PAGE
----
21 Jul Women Represent 20 Percent Of The Global Cybersecurity Workforce In 2019
Number of women in the cybersecurity field is recalculated and rising
– Steve Morgan, Editor-in-Chief
Northport, N.Y. – Jan. 3, 2019
Cyber has a gender problem, if our industry continues to regurgitate numbers from a 6-year-old report that states an alarmingly low percentage of women hold security positions.
Research firm Frost and Sullivan authored a report in 2013, which states that women make up 11 percent of the global cybersecurity workforce. The report is co-branded with (ISC)2 foundation, now a part of The Center for Cyber Safety and Education, and widely circulated in the media.
In the absence of any new research data published by another source, the 11 percent figure continues to show up in the media — despite a substantial rise in the number of women in the cybersecurity field — perpetuating the stigma of too few women in cybersecurity.
New research from Cybersecurity Ventures predicts that women will represent more than 20 percent of the global cybersecurity workforce by the end of 2019.
The 20 percent figure is still way too low, and our industry needs to continue pushing for more women in cyber. But, heightened awareness on the topic – led by numerous women in cyber associations and initiatives — has helped move the needle in a positive direction.
Our research includes a recalculation of women in cyber based on a broader definition of positions covered. We’ve evolved the roll call from traditional “IT security (a.k.a. Information security)” titles found mainly in mid-sized to large organizations, to the “cybersecurity” roles in a much larger and fast-growing industry.
IT security is in fact a subset of cybersecurity. Cybersecurity Ventures’ research looks beyond securing corporate networks (which has seen a rise in the number of women), and includes IoT security, IIoT and ICS security, medical device security, automotive cybersecurity, aviation cybersecurity, military cyber defense technology, and others. Further, the research covers the cybersecurity service provider ecosystem, which also includes women-owned small businesses, and broadens to include digital forensics and other jobs.
We include Israel, the world’s second largest exporter of cyber technology (behind the U.S.), which bolsters an impressive and growing headcount of female cybersecurity founders and professionals. Fifteen percent of newly established cybersecurity teams (in Israel) in 2017 had a female founder, an increase from 5 percent the previous year, according to a TechCrunch story.
Women are participating in Australia’s cybersecurity workforce at much higher rates than the purported 11 percent global figure. The 2018 McAfee Cybersecurity Talent Study states that Australia’s cybersecurity workforce is 25 percent female.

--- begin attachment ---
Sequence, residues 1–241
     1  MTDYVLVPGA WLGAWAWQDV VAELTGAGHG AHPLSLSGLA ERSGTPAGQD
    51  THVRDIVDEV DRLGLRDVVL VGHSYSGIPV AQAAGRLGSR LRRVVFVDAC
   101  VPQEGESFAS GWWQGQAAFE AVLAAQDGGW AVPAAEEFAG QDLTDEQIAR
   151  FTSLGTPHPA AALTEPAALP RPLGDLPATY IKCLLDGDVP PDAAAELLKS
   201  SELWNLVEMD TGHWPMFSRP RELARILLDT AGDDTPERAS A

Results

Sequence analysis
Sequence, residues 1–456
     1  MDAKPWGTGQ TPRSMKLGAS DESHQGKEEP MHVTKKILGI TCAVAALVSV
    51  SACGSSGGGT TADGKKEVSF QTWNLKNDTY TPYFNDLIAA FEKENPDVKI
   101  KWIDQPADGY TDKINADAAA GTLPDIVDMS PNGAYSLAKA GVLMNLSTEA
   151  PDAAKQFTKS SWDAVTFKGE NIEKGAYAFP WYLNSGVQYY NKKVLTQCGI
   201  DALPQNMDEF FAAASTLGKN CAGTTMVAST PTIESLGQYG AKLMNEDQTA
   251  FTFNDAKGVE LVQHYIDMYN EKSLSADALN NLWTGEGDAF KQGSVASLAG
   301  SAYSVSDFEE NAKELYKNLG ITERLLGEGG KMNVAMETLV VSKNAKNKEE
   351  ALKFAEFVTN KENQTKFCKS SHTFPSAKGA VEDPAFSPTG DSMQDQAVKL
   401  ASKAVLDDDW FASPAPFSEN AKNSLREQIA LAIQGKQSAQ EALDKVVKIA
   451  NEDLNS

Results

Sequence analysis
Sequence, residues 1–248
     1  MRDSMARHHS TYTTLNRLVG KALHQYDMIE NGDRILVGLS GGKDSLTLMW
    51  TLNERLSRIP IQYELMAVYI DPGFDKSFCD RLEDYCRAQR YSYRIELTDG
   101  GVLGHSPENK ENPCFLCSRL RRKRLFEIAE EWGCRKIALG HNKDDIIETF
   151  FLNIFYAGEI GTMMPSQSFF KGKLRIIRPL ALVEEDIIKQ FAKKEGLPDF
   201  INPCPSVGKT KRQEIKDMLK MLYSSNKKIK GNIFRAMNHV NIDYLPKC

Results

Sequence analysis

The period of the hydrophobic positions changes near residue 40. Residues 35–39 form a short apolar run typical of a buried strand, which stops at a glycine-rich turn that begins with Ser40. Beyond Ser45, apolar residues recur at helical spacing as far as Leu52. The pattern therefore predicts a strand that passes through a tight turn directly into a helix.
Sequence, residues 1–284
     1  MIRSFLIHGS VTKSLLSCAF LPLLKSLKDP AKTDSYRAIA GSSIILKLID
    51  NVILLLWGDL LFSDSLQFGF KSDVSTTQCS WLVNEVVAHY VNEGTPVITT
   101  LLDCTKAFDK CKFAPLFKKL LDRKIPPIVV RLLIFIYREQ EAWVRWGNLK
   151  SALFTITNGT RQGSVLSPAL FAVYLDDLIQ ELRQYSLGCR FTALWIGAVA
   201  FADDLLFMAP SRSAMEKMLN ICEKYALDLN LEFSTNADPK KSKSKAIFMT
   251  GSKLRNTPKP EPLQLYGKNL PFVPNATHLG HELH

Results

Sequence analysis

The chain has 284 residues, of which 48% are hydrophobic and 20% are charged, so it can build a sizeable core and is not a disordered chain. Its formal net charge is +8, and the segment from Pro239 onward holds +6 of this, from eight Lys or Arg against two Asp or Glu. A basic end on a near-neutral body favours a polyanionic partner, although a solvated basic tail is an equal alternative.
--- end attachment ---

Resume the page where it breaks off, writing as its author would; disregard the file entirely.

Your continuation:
Cybersecurity Ventures isn’t the only research firm noticing an uptick of women in cybersecurity. Forrester Research analyst Stephanie Balaouras, who co-authored a recent report with fellow analyst Claire O’Malley, told DarkReading that she believes women now represent somewhere between 15-20 percent of the industry if you include security and risk, privacy, and compliance and audit functions.
Research firm Forrester predicts that the number of women CISOs at Fortune 500 companies will rise to 20 percent in 2019, compared with 13 percent in 2017.
Cybercrime will more than triple the number of job openings over the next 5 years. Cybersecurity Ventures predicts there will be 3.5 million cybersecurity job openings by 2021. To fill the world’s open security positions, we’ll need to aim for 50 percent of women in cyber over the next decade. While some people may view that as an overly ambitious goal, it’s one that the cybersecurity industry must aim for.
An old school accounting of women in cybersecurity focuses mainly on ‘corporate IT security’ and excludes (or substantially limits) start-ups and companies with less than 500 employees, large swaths of risk, compliance and privacy, and other roles and concludes that women are barely represented in cyber – sending the wrong message to young girls that may be open to pursuing an education and future career in our field. It’s time to go new school on this topic – and send out a new and accurate message about the number of women in cybersecurity.
Can we all agree to disagree with the notion that the cybersecurity field hasn’t made any progress over the past 6 years and we’re still stuck at 11 percent of women in cybersecurity – when there are so many experienced analysts and data pointing to more female representation than ever before?
– Steve Morgan is founder and Editor-in-Chief at Cybersecurity Ventures.